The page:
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benjamin franklin












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timeline: 1736
citizen ben
Franklin montagenetworkerfirefighterfounding fatherportrait: young Franklin
Franklin montageabolitionistinsurance ben-efactorportrait: young Franklin
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Franklin montage
portrait: Franklin in fire helmet
Benjamin Franklin in fire helmet of the fire company he founded
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The strict fire and building codes we have today were unknown in eighteenth century America. Most houses were built of wood and heated by open hearths and fireplaces. The danger of fire raging throughout a town or city was ever present. Some cities, such as Boston, established loosely organized fire fighting companies to help prevent disaster.

Never one to let a hot idea go up in smoke, Franklin suggested that Philadelphia should have fire-fighting clubs modeled after the ones in Boston. After writing about it in the Gazette and discussing it with members of the Junto, he organized the Union Fire Company, which was incorporated in 1736.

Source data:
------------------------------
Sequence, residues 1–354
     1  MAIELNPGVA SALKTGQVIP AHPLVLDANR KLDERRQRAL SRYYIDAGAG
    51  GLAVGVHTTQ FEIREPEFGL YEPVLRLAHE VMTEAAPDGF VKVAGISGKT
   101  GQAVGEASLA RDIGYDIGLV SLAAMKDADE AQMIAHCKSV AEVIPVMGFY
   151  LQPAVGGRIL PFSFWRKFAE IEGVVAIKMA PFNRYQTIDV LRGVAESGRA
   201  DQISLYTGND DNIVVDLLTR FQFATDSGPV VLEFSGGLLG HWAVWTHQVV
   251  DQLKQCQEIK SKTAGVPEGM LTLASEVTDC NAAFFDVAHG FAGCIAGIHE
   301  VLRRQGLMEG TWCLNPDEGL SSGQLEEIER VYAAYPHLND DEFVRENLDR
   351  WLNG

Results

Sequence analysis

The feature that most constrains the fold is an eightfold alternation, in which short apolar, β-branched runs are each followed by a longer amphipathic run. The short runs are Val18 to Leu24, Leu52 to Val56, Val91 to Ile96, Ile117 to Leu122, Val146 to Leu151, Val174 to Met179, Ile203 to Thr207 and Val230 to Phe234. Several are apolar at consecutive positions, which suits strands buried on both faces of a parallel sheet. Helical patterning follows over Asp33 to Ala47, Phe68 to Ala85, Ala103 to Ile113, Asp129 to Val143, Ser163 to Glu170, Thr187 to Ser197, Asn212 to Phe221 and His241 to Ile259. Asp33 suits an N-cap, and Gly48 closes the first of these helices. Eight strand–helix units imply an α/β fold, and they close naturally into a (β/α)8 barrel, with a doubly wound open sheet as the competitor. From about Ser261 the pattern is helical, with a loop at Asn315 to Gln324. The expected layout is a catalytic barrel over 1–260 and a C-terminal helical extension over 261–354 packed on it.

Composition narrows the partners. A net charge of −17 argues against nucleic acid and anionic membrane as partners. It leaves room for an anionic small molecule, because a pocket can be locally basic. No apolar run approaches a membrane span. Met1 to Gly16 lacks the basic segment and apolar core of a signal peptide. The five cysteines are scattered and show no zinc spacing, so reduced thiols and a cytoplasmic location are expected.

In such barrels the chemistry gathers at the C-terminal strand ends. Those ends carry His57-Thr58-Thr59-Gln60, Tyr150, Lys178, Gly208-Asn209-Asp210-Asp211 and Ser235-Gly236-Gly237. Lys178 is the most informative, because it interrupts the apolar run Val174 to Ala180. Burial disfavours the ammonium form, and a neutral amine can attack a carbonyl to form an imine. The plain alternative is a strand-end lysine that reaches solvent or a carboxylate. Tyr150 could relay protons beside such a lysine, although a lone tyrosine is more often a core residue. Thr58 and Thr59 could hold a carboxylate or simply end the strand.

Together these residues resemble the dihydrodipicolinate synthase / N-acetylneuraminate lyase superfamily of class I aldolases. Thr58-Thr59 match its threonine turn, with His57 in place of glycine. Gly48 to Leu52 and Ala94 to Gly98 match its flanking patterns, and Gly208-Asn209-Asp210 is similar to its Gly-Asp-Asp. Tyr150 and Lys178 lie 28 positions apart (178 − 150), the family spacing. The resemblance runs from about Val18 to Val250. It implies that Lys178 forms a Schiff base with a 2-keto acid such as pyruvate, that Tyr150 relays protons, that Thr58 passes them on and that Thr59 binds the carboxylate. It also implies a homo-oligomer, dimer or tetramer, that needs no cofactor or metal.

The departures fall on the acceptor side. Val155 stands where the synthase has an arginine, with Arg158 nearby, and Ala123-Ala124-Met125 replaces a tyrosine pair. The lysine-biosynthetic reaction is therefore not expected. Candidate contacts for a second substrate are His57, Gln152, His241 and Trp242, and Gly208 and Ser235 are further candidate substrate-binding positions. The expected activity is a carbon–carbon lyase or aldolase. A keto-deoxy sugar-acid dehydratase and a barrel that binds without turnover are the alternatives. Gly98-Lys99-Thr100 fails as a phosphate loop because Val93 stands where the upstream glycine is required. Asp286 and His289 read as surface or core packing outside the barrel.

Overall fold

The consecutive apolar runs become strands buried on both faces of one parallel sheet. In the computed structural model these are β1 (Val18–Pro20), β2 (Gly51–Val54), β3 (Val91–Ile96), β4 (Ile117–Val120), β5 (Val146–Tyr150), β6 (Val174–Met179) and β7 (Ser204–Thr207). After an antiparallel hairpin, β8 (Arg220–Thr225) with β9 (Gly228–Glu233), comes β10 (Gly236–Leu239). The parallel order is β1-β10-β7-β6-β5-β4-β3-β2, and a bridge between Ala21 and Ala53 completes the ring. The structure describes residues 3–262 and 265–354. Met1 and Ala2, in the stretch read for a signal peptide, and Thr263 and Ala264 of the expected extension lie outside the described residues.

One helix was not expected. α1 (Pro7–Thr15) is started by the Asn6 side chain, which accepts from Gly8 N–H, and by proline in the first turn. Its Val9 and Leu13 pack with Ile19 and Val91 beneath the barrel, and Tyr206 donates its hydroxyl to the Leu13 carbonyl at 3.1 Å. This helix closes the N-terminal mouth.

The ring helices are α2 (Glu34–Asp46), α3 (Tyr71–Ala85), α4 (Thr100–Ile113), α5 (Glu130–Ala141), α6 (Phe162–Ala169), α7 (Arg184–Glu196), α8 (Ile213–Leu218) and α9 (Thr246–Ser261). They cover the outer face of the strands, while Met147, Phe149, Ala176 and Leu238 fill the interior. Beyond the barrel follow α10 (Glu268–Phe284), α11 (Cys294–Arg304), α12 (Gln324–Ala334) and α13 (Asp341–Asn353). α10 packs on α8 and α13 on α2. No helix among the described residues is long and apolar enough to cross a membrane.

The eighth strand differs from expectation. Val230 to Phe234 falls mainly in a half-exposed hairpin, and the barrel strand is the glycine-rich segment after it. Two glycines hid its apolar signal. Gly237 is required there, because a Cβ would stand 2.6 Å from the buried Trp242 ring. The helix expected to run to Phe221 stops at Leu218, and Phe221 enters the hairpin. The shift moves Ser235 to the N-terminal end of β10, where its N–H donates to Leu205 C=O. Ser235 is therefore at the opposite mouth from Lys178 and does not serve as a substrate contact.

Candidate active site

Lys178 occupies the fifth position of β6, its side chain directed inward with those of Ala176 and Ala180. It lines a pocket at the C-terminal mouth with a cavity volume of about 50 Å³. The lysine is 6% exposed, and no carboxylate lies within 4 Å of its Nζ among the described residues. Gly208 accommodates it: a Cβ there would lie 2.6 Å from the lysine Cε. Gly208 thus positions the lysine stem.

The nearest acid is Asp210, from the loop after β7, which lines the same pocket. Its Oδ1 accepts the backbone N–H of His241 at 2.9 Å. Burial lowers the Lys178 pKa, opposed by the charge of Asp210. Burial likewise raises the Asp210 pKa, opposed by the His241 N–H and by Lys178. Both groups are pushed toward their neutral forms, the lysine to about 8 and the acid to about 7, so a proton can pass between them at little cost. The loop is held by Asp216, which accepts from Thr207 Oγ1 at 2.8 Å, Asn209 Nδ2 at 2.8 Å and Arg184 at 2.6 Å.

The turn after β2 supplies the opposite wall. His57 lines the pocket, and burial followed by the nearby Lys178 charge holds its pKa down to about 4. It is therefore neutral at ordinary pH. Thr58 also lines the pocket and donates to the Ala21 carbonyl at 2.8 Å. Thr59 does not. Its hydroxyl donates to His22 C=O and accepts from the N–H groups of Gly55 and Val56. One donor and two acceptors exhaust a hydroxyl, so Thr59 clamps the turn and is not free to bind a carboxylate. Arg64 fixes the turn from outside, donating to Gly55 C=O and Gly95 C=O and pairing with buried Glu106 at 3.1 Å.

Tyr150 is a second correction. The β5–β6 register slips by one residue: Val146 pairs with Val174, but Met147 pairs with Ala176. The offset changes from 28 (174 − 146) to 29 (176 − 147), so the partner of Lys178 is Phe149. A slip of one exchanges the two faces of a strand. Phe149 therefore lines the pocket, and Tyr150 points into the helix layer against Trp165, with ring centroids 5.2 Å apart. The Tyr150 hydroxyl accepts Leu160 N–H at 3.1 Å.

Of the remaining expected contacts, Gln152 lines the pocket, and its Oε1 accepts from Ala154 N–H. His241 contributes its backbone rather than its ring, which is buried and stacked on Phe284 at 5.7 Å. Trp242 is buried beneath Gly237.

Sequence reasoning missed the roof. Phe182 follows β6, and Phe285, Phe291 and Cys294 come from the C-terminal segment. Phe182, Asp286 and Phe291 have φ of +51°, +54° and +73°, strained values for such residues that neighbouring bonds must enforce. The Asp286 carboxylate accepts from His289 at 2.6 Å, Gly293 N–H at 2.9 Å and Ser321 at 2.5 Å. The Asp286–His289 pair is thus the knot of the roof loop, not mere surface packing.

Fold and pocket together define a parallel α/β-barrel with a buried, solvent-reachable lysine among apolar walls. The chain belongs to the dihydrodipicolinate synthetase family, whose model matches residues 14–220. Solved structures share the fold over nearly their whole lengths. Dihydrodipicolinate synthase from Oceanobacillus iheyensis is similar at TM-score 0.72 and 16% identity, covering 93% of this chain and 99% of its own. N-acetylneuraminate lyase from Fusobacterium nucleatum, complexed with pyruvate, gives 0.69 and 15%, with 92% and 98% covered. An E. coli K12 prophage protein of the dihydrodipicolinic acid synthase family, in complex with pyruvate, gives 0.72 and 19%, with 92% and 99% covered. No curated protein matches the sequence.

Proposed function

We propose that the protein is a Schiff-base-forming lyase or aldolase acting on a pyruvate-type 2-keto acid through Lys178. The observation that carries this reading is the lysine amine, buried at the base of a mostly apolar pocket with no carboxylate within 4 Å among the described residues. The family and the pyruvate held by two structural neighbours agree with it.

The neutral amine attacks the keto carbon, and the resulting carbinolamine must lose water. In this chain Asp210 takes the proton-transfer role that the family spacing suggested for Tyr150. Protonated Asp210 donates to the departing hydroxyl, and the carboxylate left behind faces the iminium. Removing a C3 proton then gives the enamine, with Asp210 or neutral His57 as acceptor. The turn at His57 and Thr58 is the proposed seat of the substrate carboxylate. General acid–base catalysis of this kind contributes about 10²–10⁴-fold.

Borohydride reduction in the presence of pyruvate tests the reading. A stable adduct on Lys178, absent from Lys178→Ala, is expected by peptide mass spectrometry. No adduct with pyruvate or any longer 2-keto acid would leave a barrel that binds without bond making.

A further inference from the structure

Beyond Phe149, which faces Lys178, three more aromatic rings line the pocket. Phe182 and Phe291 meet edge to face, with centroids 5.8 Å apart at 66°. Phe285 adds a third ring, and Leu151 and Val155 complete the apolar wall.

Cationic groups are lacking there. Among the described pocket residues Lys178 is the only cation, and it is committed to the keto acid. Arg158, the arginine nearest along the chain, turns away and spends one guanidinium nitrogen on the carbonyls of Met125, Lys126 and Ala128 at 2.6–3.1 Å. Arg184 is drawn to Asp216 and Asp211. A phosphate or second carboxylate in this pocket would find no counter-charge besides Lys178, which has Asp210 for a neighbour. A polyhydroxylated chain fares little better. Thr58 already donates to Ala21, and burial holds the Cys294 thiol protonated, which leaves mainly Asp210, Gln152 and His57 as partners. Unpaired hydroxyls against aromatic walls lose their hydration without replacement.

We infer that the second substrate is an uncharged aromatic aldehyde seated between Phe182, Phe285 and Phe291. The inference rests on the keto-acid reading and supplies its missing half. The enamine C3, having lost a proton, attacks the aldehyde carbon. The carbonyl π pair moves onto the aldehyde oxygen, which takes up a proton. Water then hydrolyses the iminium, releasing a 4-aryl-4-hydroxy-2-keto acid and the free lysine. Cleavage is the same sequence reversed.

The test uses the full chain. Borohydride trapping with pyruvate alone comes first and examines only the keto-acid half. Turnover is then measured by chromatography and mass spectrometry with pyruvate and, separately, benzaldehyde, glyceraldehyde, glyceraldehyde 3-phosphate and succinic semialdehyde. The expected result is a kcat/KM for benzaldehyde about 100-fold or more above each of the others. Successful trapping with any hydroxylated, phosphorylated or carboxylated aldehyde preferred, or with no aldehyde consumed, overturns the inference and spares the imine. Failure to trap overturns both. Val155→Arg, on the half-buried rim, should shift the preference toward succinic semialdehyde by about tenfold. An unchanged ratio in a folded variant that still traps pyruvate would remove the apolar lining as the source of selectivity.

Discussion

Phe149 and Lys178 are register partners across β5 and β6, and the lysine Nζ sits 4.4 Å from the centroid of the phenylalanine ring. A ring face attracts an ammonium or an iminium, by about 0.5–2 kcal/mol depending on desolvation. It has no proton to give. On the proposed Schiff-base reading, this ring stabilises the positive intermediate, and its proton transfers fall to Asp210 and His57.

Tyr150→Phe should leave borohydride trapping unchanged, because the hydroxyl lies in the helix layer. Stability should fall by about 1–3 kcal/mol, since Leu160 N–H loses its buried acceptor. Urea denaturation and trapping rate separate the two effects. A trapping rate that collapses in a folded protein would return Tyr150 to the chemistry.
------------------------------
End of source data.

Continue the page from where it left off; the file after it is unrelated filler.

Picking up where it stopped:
Members of the fire company pledged to help one another should fire break out or threaten one of their homes or businesses. Not only would they attempt to put out the flames, members would also help save goods within the building and protect the building from looters. Members were not required to help protect properties of non-members.

Members had to provide at least two buckets for carrying water and several cloth bags for carrying items rescued from the fire. The original twenty-five members of the group met once a month to discuss fire-fighting techniques, to establish company policies, and, of course, to socialize.

Soon fire companies and clubs sprang up all over Philadelphia and most of the city fell under the protection of one or another of the companies—yet another civic improvement brought to us by the work of Benjamin Franklin.


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